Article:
Say what you want about reboots and sequels, but there’s something really endearing about a group of actors reuniting to see a franchise through. That’s especially true when said franchise includes icons like Nia Long, Taye Diggs, Regina Hall, Morris Chestnut, Terrence Howard and Melissa De Sousa.
“The Best Man” (1999) and “Best Man Holiday” (2013) hold heavyweight status in the canon of classic films that grew with their audience and made a real impact. So when filmmaker Malcolm D. Lee thought the franchise deserved an ending, he started writing.
“I wanted us to get back to some fun. I mean we had fun in ‘Best Man Holiday,’ but it was also very sad,” Lee told HuffPost. “And I wanted to have a much more comedic time with these folks. So I had that movie in mind, and I wrote it and had another movie in mind to continue and close out the series, but we weren’t able to come up with a budget that worked for the studio and so it was like ok let’s give it a go as a limited series.”
More than 20 years after the original film debuted, Lee connected with showrunner and “Insecure” alum Dayna Lynne North who was able to reunite the cast for a final hurrah with “The Best Man: The Final Chapters.” The series premieres Thursday on Peacock.
When we met them, the characters were upwardly mobile 20-somethings just getting into the stride of figuring out love, life and friendship. In “Final Chapters,” we’re reintroduced to them as life has settled in and the “real adulting” is happening, as Long described it.
We pick up with them as they prepare for Quentin’s (Howard) wedding in the Dominican Republic. His longtime situationship with new “Housewives” star Shelby (De Sousa) is spiraling. Jordan (Long) and Harper (Diggs) are respectively grinding their way to the top of their careers while exchanging some serious sexual chemistry despite Harper being married to Robyn (Sanaa Lathan). Candace (Hall) is still married to Murch (Harold Perrineau) as we see her juggle graduate school, work and motherhood. Meanwhile, Lance (Chestnut) is still coping with the death of Mia (Monica Calhoun), often in self-destructive ways, while being a single parent.
Chestnut told HuffPost he misses Calhoun in this story, but he knew fans needed closure.
“Having the opportunity to be performers and to be a part of a project like this that’s so strongly entrenched within the community because of the storylines, because of the relatability of the characters which have prevailed throughout years, it’s been somewhat magical to be a part of,” he said. “We love working with each other, so that was a great opportunity, that was the icing on the cake, but the main thing was just to come back and give the fans another installment.”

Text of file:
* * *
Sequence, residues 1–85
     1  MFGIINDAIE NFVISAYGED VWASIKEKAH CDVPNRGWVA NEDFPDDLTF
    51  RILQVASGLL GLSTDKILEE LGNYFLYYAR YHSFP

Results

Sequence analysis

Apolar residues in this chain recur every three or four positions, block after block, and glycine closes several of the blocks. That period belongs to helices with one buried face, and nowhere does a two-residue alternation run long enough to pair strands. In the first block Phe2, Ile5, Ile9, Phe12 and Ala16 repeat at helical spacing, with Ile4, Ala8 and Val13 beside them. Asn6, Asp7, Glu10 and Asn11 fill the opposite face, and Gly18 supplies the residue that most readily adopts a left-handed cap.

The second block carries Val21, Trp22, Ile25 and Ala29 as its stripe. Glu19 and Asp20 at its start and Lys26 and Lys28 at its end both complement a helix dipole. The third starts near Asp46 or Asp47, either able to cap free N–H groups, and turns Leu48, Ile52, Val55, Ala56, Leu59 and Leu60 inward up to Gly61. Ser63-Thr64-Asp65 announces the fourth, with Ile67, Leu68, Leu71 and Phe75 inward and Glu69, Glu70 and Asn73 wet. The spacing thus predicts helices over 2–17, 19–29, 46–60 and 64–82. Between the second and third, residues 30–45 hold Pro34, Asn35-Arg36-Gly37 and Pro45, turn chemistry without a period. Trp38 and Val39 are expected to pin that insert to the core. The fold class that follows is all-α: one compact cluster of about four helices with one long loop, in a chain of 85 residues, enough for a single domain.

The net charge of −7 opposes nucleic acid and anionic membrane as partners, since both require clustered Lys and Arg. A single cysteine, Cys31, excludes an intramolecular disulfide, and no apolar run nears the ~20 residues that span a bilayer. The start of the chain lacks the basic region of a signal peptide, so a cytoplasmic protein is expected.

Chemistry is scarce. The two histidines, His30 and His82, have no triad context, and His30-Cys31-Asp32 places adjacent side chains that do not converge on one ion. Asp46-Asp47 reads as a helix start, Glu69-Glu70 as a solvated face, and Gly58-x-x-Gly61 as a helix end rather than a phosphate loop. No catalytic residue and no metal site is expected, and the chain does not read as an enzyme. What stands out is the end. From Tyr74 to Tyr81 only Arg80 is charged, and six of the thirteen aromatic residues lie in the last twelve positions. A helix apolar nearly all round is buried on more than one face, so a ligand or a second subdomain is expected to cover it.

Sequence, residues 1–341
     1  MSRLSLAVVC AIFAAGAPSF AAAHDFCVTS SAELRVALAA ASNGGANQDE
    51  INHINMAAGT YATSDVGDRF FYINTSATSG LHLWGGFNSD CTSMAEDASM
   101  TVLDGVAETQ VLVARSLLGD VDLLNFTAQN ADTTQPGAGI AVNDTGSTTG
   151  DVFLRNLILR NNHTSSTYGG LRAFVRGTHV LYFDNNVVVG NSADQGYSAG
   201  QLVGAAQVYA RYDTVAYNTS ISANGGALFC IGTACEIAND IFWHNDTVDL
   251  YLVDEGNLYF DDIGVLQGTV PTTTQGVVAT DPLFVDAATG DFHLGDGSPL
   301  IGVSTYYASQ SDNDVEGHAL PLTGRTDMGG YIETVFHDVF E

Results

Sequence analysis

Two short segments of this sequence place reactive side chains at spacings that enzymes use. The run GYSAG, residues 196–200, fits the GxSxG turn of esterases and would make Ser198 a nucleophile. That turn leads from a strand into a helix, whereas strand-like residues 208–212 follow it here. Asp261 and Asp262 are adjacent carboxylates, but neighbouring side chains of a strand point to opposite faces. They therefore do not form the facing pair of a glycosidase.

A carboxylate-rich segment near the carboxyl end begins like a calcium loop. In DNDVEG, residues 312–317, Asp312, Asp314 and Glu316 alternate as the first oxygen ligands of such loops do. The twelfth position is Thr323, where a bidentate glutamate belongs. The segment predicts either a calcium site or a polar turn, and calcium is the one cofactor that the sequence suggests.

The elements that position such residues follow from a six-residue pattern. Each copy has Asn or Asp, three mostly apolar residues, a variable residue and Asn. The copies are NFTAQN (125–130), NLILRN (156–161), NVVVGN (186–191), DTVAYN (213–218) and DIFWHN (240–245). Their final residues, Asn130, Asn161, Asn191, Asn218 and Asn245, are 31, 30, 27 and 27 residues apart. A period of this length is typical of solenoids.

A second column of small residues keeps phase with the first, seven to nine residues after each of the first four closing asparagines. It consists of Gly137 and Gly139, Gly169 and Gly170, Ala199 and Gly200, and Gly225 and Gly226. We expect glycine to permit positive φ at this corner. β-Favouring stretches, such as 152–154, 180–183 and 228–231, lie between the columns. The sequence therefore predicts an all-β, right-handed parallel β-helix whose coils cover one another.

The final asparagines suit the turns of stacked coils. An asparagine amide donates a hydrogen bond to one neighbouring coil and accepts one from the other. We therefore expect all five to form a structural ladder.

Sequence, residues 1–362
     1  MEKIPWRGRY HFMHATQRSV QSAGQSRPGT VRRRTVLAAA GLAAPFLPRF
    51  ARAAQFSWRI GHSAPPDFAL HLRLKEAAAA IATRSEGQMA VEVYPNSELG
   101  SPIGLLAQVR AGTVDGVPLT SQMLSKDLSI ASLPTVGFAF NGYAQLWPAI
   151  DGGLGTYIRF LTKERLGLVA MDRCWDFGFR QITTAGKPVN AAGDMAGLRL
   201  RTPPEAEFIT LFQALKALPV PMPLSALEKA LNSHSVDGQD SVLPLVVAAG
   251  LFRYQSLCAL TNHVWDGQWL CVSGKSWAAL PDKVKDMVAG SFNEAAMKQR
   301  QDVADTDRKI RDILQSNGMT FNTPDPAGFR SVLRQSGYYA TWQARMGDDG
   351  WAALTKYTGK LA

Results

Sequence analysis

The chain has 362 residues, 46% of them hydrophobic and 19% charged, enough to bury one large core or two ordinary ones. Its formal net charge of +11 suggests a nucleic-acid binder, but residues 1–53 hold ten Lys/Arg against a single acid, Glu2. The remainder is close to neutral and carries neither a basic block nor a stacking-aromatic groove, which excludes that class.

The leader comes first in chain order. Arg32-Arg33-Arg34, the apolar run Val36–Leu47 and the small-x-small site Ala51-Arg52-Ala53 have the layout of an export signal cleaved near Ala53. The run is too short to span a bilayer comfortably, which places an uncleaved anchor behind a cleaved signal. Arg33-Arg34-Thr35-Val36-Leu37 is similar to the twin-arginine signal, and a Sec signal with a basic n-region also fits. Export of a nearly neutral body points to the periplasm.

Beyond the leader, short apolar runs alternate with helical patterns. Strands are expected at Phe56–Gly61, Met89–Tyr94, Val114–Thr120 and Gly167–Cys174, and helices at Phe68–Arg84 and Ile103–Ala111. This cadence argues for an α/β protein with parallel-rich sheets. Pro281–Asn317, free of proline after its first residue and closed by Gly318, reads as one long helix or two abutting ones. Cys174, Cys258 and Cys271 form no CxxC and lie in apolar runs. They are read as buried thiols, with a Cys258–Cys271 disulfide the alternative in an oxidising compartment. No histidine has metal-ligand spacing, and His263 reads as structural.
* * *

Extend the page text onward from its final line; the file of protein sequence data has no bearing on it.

Hall said she loves to see these characters remain connected in the name of friendship, even when life isn’t so smooth.
“It’s great to see how they keep coming back together, a core group of friends that just are kind of life-sustaining, and they know things sometimes before you do, and they know you,” she said. “It’s just not just our own characters, but how we as a group of friends land. I think it’s great to see how we collectively as friends are navigating the sometimes tumultuous waters of life together.”
Hall was referring to the characters in the series, but the same sentiment can be said about the actors. When Lee made his directorial debut, these actors were early in their careers. Many of us grew up watching and fawning over them in the ’90s and 2000s. Now, decades later, they’ve thrived and sustained careers that positioned them as Hollywood royalty. So their reunion for this project feels especially symbolic and full circle.
“It’s a reflection of the love that they have for each other getting this cast back together,” North said. “And really, as the newcomer to this particular franchise, it was really powerful and beautiful to see that the love that they have for each other is part of what allows it to be possible… It speaks to the love and respect that they have for each other and the love and respect they have for the franchise and wanting to actually bring that franchise forward again and get back together to tell the stories of these characters.”
De Sousa spoke of that bond fondly, expressing that it felt like she won the lotto when she first landed the role in 1998.
“For us to come together, eight established actors who have careers to come together and want to do it and want to play together again after all this time, it’s just something so special,” she said. “It’s indescribable, and I just feel really lucky to be a part of it and to be able to call these people my friends and family.”
Howard shared a similar sentiment as his co-star.
“We’ve been together in many lifetimes, and apparently, we only get to see each other once every 10 years or so. So you hold on to that,” Howard said. “And it keeps you going. Because when we see each other, we end up better people. More balanced. That little thing you were working on, I fixed it. Here you go. Put that right on there, plug that one right in. And we’re tuning each other up.”
Lee said he’s happy to be giving this story a proper ending and hopes that viewers take away the same feeling they took away from the first two movies.
“[I hope] that they were engaged with characters that they loved, that they aspired to be and that they saw themselves reflected in,” he said. “So I hope that we continue that legacy with this iteration of ‘Best Man.’”